Multinationals told to brace for scrutiny on tax minimisation
The taxman will put the Australian operations of multinationals including Google and Apple under the microscope as part of an investigation into complex schemes used by global companies to minimise tax.
With governments around the world scrambling to protect their corporate tax bases, new Tax Commissioner Chris Jordan has signalled he will step up scrutiny of multinationals that use aggressive tax strategies.
Before his first speech as commissioner on Thursday, Mr Jordan revealed plans to review how much money is being made in Australia by high-profile global companies that have gained attention for shifting profits around the world.
The review will also assess whether multinationals are abiding by the letter of the law, and Mr Jordan will seek to make "full use" of available penalties if not.
Under present rules, many global companies are not required to file tax returns here because they technically do not earn income in Australia.
Google, for instance, argues its sales to Australians take place in Singapore. Accounts show it paid $74,000 in Australian tax in 2011 - an amount disputed by the company - but it is estimated to have made up to $2 billion in revenue.
While Mr Jordan would not name companies, he said he would look at high-profile cases. Assistant Treasurer David Bradbury last year took the rare step of naming Google and Apple.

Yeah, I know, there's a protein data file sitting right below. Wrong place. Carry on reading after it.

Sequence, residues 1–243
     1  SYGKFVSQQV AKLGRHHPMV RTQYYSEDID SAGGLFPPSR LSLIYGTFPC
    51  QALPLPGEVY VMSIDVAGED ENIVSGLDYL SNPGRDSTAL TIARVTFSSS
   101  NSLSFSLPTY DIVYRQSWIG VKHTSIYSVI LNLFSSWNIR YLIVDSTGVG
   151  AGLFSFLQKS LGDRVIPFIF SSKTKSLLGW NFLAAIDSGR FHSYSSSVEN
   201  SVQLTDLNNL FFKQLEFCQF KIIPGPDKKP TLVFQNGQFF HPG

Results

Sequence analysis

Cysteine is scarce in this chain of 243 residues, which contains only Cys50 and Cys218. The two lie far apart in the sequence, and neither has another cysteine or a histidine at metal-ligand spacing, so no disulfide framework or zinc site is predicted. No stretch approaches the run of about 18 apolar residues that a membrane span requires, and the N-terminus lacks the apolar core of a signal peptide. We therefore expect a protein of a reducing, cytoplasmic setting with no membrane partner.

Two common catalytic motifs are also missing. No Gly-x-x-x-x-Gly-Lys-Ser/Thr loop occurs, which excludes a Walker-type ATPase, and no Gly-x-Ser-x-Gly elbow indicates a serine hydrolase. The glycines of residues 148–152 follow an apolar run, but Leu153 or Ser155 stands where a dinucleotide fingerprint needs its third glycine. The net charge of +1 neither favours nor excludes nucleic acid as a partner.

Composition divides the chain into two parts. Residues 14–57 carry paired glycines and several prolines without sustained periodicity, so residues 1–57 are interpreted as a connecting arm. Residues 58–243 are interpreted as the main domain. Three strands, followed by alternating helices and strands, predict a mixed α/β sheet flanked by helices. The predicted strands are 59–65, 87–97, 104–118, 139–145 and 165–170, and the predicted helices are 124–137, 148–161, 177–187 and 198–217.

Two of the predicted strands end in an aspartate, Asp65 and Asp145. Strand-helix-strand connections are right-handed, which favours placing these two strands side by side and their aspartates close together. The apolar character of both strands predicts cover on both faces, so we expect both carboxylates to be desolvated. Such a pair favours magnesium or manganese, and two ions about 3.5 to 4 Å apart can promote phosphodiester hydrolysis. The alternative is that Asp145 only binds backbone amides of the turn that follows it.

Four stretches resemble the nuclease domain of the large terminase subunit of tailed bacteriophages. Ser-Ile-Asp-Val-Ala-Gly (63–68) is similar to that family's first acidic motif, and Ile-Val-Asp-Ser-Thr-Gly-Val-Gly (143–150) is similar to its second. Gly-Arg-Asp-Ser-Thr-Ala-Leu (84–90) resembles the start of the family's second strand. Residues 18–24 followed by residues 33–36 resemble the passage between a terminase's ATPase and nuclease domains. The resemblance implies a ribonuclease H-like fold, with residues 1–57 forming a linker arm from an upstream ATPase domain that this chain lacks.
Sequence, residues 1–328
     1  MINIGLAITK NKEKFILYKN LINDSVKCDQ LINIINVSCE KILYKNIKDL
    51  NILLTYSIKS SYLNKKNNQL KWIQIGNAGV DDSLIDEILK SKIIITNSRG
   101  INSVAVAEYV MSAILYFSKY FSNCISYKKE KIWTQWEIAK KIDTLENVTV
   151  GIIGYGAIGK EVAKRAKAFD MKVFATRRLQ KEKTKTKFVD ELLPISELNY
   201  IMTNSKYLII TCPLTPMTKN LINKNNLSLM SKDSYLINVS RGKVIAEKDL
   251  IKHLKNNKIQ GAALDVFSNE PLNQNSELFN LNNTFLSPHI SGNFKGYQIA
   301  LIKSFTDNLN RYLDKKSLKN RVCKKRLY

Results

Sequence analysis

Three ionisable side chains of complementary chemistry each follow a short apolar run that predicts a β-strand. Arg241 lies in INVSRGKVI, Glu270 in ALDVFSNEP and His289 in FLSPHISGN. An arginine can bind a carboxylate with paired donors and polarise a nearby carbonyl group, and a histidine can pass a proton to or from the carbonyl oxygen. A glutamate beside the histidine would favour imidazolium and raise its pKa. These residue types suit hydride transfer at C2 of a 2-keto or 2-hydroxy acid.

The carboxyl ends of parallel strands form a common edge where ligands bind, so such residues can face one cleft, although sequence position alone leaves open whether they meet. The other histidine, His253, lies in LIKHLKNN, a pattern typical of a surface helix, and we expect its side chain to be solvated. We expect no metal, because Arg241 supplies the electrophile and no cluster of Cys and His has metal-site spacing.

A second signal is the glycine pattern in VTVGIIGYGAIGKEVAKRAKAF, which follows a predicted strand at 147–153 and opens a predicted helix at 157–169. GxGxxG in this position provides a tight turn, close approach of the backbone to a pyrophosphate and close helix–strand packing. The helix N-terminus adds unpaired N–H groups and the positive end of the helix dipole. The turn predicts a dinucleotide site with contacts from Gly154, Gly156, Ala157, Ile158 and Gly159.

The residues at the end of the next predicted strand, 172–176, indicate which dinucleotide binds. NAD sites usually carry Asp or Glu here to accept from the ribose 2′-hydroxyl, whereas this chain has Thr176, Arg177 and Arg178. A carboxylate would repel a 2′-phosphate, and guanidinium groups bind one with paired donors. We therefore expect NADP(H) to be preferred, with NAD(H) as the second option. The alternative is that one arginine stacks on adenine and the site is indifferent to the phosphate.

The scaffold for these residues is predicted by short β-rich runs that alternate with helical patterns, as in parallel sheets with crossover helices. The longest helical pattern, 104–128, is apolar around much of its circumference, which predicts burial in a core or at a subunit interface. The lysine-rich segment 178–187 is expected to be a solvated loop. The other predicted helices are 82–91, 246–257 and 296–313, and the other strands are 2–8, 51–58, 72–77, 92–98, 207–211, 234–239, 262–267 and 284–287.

With few figures available on what profit-shifting costs the budget, the ATO will examine how much revenue these companies are making in Australia in order to make a judgment about how big the problem of tax base "erosion" is.
"The whole argument of these structures is they don't have Australian-sourced income, therefore they don't have to put a tax return in. And I'm going, 'Well gee, I'd like to know what sort of money is running through these structures'," Mr Jordan told BusinessDay.
The review will be carried out in the coming months and its findings will go to a Treasury inquiry into tax minimisation by multinationals.
The review will also assess whether the multinationals' minimisation schemes are strictly following the law.
"Is it legitimate for the businesses to be left alone to adopt very aggressive structures? Part of my role is to ensure businesses operate within the law. I want business to clearly know, if they choose questionable or very aggressive practices, there will be consequences," Mr Jordan will say in his speech.
There is a dearth of information on how much federal coffers lose to tax schemes by multinationals, but Mr Jordan said he thought it was a significant problem.
"I've got a feeling that it is large, but we honestly just don't know at this point in time the magnitude of the problem," he said.
Mr Jordan, a former tax adviser who has worked with Labor and Coalition governments, is the first external appointment to the ATO in its 100-year history. Aside from Google, Apple and eBay have been named as a tech companies that use complex strategies to minimise tax.